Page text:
Bankruptcy and Common-Law Partner

Category: Bankruptcy Q&A

Note: the question in this article contains old surplus income limits. Click here to review the updated limits.

Question: I understand that filing bankruptcy will not affect my common-law partner because no debts are in her name, however, will my payments for bankruptcy be increased because I am living with her?

Answer: You are correct that if you file bankruptcy for your debts your common-law spouse’s credit report is not affected by your filing, if no debts are in their name.

The amount you pay in a bankruptcy is based on your family income.  The more your family earns, the more you may be required to pay.  It’s called surplus income.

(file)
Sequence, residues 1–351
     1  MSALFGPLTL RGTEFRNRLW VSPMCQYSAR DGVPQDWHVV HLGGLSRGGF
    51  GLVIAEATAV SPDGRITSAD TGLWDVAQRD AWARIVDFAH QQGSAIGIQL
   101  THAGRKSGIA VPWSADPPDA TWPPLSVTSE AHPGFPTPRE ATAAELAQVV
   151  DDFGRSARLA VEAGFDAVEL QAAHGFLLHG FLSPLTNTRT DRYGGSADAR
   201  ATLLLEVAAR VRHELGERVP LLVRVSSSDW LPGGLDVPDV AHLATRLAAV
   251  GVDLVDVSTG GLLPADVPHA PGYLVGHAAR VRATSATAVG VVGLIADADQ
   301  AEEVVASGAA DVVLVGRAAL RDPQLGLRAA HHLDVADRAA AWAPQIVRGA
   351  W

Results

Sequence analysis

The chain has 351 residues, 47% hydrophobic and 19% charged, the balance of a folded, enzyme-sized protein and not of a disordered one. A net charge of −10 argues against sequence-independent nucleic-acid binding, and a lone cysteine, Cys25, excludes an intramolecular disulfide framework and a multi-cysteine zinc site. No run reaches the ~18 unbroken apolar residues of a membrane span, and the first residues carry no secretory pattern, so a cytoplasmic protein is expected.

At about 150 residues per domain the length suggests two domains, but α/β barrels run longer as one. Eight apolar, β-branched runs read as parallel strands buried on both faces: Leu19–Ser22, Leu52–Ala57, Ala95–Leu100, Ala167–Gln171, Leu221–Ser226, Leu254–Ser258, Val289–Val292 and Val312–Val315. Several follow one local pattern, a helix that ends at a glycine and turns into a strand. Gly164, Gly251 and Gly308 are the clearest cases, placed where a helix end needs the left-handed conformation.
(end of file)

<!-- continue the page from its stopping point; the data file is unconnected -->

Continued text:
There is a set threshold for a single person of about $2,000 per month (this number increases slightly each year).  For a family of two, the threshold is about $500 per month higher.  If you have children living with you, the number is even higher.

If you and your spouse together earn less than the limit ($2,500 or higher if you have children), you are under the limit, so there are no extra payments required.